Recently, when the JSE imposed its maximum available financial penalty of R7.5m on Tongaat Hulett for issuing misleading and false information to investors, commentators rightly bemoaned the paltry fine in the context of the huge losses inflicted on shareholders. If the JSE had the power to impose much greater penalties, some argued, it would deter dodgy corporate behaviour.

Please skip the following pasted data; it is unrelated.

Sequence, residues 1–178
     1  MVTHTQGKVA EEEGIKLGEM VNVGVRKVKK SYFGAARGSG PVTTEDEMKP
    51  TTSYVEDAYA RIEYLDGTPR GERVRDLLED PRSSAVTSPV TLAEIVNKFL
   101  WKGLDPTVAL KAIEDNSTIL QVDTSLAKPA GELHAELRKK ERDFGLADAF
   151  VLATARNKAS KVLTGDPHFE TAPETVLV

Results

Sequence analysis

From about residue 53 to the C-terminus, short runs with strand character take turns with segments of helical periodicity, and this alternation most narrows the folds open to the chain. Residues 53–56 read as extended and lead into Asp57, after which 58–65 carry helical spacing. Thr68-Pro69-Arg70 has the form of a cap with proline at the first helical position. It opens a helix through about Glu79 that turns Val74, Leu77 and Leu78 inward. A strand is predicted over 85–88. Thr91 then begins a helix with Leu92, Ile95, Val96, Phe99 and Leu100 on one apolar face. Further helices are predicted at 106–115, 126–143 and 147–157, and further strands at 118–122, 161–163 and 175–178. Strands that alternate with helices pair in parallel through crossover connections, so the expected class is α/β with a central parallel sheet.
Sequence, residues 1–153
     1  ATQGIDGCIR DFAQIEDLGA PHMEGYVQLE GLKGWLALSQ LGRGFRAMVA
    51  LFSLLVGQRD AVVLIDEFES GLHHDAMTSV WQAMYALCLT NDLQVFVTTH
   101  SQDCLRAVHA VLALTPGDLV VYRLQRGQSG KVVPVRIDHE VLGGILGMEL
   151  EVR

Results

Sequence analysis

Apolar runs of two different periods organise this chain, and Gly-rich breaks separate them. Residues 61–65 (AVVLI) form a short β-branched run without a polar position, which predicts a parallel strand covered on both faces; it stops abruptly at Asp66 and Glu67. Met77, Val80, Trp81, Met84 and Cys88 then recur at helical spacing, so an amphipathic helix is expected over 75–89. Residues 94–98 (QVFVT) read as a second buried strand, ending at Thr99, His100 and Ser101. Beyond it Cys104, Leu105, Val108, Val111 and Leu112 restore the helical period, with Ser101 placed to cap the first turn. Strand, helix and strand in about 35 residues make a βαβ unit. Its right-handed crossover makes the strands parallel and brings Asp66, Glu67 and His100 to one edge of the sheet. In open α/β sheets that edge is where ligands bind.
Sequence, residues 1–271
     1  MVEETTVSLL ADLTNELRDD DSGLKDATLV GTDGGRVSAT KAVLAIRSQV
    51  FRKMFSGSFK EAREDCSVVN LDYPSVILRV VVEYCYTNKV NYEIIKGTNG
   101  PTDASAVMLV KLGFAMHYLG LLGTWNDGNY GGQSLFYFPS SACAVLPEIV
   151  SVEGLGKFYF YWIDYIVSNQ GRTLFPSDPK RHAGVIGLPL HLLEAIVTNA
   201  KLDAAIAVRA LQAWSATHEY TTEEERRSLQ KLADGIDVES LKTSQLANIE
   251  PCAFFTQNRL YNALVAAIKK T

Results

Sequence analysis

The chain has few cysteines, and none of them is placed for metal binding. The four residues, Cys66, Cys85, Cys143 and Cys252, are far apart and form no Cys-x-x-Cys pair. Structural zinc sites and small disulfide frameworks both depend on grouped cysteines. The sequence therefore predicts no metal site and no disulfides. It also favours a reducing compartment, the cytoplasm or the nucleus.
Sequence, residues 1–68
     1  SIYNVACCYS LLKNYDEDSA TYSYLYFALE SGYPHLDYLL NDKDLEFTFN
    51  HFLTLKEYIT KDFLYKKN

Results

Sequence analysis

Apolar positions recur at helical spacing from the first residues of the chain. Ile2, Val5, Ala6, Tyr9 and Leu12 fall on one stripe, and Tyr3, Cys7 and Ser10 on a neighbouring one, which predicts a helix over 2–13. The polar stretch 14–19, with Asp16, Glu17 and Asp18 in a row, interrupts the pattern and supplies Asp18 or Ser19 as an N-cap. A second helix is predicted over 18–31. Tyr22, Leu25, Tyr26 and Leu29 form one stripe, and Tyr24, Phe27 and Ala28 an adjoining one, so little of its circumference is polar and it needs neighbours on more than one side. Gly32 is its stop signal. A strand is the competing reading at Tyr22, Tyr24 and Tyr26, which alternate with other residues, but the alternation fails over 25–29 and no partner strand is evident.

However, that would only be true if the JSE were willing to use that power — and to use it swiftly — against those actually responsible for wrongdoing...

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